My Epic. That's an awesome name, and honestly, the awesome name was why I blindly picked this up. I went into this having no idea what to expect from the CD. Honestly I was expecting some sort of death metal album, like a weaker version of Traced in Air. However, upon tossing this in my CD player I found something different. What I found can only be described as, well, the band's name: Epic.
The Cd starts beautifully, with “Prologue” which is a calm song that builds into a wonderful climax with violins, and the haunting sound of voices singing “Maybe”. It’s hard to describe, as this song didn’t “work” for me the first time. It’d didn’t sound right the second or third listen, but now it seems like the perfect prelude to the CD.
Vocalist Aaron (I don’t know his last name) has a voice that ranges from a quiet and pained murmur, to an emotional wail that blows you away no matter how many times you hear it. His voice conveys emotion so well, I would say it rivals vocalists like Aaron Weiss and Jesse Lacey. It’s that intense. I don’t know who does the back up vocals (Or maybe Aaron does those as well), but they are place perfectly, making gorgeous harmonies in just the right places, but they never sound forced and they are never over done. I have no complaints with the vocals here. They are just, well, Epic.
Everything on this CD just works, even if you don’t notice it the first time. Yes, this CD requires multiple listens. It’s good on the first spin, but as you hear it, it only becomes more powerful and stunning. It’s hard to pin point one spot in particular that stood out to me, but as far as instruments go, the outro of “The Lover and the Thief” stands out as one of my favorite moments on the CD. The gorgeous violin complements the guitar perfectly, and while a violin playing along with guitars isn’t exactly a new idea, My Epic made them sound so wonderful, that next time you hear Viva la Vida you will roll your eyes knowing that My Epic did it so much better. If you couldn’t get enough of that outro, you are in luck, because it rolls nicely into “Perelandra”, an instrumental track that is just great, and if fits perfectly in the middle of the CD.
Like I said before, I can’t pick out individual parts of I am Undone that I especially like, and it’s because of the instruments. My Epic seems to refuse to let any part of this album falter in the slightest. Every guitar part is played with passion and energy, and I know that if anyone else had played some of the somewhat weaker riffs, they would have come off as boring. The guitar is perfect, and whoever plays it, Jesse, I think, is clearly very talented and he is quite creative. Drums, while never technically impressive, fit perfectly and they refuse to fall behind the guitars.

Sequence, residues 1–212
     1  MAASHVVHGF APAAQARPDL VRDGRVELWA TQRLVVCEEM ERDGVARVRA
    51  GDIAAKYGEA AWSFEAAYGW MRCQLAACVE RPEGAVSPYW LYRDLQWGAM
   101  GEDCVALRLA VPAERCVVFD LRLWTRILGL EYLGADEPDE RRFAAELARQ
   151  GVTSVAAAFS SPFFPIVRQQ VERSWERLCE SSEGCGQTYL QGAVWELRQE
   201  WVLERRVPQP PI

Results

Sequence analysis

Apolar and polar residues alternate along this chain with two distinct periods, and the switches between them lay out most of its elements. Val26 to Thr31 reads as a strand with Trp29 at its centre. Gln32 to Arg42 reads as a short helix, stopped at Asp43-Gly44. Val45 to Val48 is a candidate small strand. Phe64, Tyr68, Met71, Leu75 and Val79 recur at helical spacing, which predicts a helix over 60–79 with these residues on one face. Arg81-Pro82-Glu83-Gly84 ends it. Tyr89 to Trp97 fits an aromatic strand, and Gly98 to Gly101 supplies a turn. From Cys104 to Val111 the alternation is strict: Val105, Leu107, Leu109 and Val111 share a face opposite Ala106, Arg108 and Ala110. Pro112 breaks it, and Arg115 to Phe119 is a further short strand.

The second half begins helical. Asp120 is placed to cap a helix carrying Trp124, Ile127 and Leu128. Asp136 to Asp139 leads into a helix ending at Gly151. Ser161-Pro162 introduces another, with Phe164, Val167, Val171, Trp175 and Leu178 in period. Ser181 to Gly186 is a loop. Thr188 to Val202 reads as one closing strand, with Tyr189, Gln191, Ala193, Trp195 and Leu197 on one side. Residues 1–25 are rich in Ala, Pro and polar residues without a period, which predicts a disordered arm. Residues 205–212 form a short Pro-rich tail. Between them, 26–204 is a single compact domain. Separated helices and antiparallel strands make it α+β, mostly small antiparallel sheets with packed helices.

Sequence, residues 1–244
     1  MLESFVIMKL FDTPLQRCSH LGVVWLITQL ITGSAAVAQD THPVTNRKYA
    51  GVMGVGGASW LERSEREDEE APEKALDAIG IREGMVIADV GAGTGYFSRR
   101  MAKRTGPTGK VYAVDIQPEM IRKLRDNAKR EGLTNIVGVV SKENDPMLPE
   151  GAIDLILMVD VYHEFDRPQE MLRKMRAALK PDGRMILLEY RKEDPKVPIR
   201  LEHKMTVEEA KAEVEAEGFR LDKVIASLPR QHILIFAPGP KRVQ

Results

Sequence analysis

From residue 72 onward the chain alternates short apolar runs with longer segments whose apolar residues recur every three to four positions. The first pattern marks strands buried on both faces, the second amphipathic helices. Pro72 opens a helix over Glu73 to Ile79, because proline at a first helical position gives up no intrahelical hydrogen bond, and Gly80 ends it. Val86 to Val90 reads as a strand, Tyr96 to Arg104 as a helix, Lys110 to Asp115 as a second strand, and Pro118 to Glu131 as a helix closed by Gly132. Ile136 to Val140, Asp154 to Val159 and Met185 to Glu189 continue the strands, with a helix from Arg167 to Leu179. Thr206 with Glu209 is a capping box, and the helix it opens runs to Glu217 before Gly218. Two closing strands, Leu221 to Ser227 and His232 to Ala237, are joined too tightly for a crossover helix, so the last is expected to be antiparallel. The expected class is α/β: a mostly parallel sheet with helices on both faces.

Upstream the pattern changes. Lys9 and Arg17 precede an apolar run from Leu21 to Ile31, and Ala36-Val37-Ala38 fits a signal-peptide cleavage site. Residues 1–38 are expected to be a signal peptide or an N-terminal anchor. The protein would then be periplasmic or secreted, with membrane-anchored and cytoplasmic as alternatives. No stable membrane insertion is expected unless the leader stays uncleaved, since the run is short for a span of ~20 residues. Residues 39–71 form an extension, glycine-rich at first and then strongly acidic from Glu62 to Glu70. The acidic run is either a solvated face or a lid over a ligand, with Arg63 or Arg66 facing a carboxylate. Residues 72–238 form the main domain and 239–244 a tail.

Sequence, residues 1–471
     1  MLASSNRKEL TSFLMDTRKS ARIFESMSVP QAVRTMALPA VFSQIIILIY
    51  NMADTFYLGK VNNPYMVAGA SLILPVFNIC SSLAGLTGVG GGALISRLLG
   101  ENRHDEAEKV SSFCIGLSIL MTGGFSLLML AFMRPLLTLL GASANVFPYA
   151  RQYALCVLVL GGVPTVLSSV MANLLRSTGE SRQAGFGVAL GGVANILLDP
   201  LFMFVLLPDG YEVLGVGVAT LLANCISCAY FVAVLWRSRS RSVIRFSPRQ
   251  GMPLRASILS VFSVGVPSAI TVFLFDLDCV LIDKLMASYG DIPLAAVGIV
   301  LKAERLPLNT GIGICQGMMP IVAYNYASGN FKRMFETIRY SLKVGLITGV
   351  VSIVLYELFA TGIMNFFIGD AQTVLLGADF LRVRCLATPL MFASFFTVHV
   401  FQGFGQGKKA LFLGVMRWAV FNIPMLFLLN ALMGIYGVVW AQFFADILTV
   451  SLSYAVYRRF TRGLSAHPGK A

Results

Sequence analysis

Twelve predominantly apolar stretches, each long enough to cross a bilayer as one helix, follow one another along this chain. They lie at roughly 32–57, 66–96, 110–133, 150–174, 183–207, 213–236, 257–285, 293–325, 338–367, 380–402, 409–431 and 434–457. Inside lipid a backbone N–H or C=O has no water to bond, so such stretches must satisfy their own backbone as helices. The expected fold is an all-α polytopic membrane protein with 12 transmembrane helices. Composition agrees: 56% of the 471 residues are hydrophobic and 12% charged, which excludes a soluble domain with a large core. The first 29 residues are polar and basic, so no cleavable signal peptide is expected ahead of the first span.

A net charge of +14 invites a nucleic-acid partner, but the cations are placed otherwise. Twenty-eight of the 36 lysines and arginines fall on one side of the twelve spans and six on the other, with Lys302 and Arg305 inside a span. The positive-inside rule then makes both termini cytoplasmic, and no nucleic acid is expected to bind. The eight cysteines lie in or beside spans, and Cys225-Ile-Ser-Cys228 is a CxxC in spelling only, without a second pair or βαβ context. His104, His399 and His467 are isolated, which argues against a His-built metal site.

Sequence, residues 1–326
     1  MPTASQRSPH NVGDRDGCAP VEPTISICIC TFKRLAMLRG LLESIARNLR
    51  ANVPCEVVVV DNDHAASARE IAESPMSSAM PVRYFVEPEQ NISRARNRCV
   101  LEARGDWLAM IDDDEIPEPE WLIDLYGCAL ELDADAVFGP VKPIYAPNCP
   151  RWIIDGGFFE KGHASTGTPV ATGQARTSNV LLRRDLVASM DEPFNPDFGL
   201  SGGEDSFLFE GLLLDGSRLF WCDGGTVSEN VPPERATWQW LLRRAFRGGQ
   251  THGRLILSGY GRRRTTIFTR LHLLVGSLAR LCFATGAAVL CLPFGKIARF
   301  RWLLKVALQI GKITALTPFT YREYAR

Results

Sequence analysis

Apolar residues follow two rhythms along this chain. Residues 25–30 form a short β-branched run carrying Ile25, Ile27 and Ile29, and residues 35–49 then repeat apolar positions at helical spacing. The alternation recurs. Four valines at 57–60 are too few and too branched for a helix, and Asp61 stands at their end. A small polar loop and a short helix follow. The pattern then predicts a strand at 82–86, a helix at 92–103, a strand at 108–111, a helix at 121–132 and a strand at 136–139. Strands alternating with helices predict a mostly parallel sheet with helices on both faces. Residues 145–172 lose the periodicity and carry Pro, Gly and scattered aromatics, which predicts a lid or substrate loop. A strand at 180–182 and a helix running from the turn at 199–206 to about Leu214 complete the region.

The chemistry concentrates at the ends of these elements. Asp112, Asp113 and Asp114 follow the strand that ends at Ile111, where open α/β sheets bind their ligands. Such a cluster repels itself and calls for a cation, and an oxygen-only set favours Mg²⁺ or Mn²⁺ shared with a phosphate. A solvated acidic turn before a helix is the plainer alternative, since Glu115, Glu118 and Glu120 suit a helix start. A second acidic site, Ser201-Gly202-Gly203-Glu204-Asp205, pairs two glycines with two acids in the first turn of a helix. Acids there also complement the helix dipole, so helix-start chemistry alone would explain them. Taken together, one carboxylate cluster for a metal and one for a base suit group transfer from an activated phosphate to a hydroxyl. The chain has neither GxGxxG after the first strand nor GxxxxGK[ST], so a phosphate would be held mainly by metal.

This album didn’t really click until I got to “You Know We All Love You”. Wow. This song is worth buying the CD for. It’s an emotional trip that ends in a group yell, no, roar. It’s over before you know it; just see if you can resist pressing repeat, but then I could say that for every song on this CD. My Epic has crafted an album filled with songs that are all accessible, but all contain something new that you my not even notice until the 4th or 5th listen.
Lyrically, this CD is just as strong, although some of the more openly Christian lyrics may turn off non believers, they do a fairly good job of being meaningful to both groups of people, save for a few songs. It’s clear that every lyric was carefully put together to make songs that perfectly portray the emotions going on in the instruments. It works perfectly. My favorite lyric from I am Undone:
“Maybe all our lives are founded in the moments that escape our eyes
And prudent hearts will find that there is beauty in the mysteries of life”
This was a difficult review to write, so I apologize if it is a bit shaky, but this is a CD that you must hear. I do feel like by reading this review you will miss out on some of the element of surprise that this CD held for me. Still, I urge you to find this CD, download it, whatever; you need to hear I Am Undone.
The Oil Press
The Lover and the Thief
You Know We All Love You
Men In Little Houses